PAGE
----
In a series of two articles, to be published in the present and the next issue of the Clunet, the authors provide an account of the emergence and development of comity in the history of private international law, discussing where comity came from, how it developed and what purposes it was initially meant to fulfil. The purpose of such recalling of comity is to provide a historical background and conceptual starting point for the increasing current attempts to rely again on the comity doctrine in court decisions and private and public international law scholarship. In the current article, we review the forces that led to strict territoriality in the 17th century and how comity became needed to mitigate it. We will see how regulatory overlaps contributed to making the Thirty Years War inevitable and will discuss the subsequent efforts to do away with such regulatory overlaps through territorial sovereignty, whose radicalism made comity necessary to accommodate the transnationalism of commerce and societies. In the second article, we will present the early history of the concept of comity in the context of the history of private international law generally. We will focus on the evolution of the use of comity through the great stages of its history. We will thus embark on a voyage from Rome and the ius gentium, to Perugia with Bartolus de Saxoferrato, to Holland and the Voets, to Berlin and Prussia with Savigny, to the United States with Joseph Story, and to the UK with Mansfield, Westlake and Dicey.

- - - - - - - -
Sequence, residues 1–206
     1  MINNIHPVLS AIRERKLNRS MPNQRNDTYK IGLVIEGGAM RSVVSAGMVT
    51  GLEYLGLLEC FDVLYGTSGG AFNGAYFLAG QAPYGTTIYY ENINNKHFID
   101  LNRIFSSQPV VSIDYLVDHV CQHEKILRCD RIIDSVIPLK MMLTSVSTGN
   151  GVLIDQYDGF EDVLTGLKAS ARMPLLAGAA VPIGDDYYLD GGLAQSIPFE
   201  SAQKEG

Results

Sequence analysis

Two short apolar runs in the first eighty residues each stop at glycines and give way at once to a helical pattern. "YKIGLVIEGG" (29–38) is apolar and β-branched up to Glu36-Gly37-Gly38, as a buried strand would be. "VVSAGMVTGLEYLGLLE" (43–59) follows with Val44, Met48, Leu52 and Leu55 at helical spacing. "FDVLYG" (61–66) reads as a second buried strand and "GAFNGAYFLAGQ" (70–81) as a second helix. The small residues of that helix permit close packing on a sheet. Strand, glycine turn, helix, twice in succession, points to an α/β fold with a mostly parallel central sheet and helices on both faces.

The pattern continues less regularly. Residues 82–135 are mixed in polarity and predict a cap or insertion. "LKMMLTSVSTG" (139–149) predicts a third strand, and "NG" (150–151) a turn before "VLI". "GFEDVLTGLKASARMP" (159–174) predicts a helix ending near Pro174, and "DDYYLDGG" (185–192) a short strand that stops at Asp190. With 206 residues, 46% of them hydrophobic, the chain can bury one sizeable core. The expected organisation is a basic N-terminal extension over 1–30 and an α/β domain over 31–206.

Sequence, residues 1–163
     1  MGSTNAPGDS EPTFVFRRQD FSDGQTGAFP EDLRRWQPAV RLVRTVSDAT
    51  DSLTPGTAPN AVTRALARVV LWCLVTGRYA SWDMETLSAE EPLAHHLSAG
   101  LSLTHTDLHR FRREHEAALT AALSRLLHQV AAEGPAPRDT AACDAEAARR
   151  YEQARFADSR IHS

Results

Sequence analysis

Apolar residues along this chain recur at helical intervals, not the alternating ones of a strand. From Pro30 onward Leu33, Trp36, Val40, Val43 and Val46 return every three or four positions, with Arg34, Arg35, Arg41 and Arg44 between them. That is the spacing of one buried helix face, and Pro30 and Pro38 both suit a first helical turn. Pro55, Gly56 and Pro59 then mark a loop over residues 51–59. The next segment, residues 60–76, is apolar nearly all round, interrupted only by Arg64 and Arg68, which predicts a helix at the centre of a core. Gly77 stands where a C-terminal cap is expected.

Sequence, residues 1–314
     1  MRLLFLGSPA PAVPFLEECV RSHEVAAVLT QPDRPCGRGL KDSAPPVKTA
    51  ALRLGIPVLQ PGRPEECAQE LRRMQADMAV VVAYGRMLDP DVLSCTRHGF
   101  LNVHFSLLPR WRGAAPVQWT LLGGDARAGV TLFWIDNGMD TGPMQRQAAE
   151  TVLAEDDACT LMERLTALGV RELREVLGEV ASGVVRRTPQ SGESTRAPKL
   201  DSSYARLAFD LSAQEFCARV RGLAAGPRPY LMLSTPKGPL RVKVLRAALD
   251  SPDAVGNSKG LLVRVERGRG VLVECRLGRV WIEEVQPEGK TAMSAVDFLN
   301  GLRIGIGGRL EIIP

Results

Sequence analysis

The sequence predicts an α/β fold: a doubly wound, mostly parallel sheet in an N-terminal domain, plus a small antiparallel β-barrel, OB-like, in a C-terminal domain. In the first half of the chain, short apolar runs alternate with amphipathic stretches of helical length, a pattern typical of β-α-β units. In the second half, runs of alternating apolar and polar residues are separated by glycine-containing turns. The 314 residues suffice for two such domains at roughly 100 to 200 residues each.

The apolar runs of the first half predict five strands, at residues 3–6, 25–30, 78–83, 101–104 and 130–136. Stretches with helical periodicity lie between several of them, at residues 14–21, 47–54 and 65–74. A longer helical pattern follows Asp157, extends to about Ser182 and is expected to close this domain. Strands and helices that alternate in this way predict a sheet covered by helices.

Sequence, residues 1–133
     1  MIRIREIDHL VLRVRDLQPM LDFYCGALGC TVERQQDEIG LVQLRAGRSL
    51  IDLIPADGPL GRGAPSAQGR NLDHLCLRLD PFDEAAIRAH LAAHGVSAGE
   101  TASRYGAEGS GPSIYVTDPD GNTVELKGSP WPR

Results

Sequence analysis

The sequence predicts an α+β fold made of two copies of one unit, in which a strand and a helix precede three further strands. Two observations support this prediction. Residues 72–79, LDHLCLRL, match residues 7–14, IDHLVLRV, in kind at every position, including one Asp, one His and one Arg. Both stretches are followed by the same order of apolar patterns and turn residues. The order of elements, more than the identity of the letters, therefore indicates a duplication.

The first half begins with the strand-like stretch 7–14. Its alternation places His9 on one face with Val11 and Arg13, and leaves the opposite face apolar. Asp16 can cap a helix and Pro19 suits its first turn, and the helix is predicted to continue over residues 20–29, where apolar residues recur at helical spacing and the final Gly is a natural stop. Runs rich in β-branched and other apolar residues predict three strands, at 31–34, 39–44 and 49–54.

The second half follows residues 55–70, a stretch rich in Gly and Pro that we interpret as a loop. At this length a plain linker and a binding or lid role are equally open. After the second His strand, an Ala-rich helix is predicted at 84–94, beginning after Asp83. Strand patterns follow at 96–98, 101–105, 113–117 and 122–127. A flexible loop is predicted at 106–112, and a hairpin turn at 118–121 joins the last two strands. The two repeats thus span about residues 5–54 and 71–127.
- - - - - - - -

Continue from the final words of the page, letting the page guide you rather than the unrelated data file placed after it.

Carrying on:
|Number of pages||24|
|Journal||Journal du droit international|
|Publication status||Published - 2011|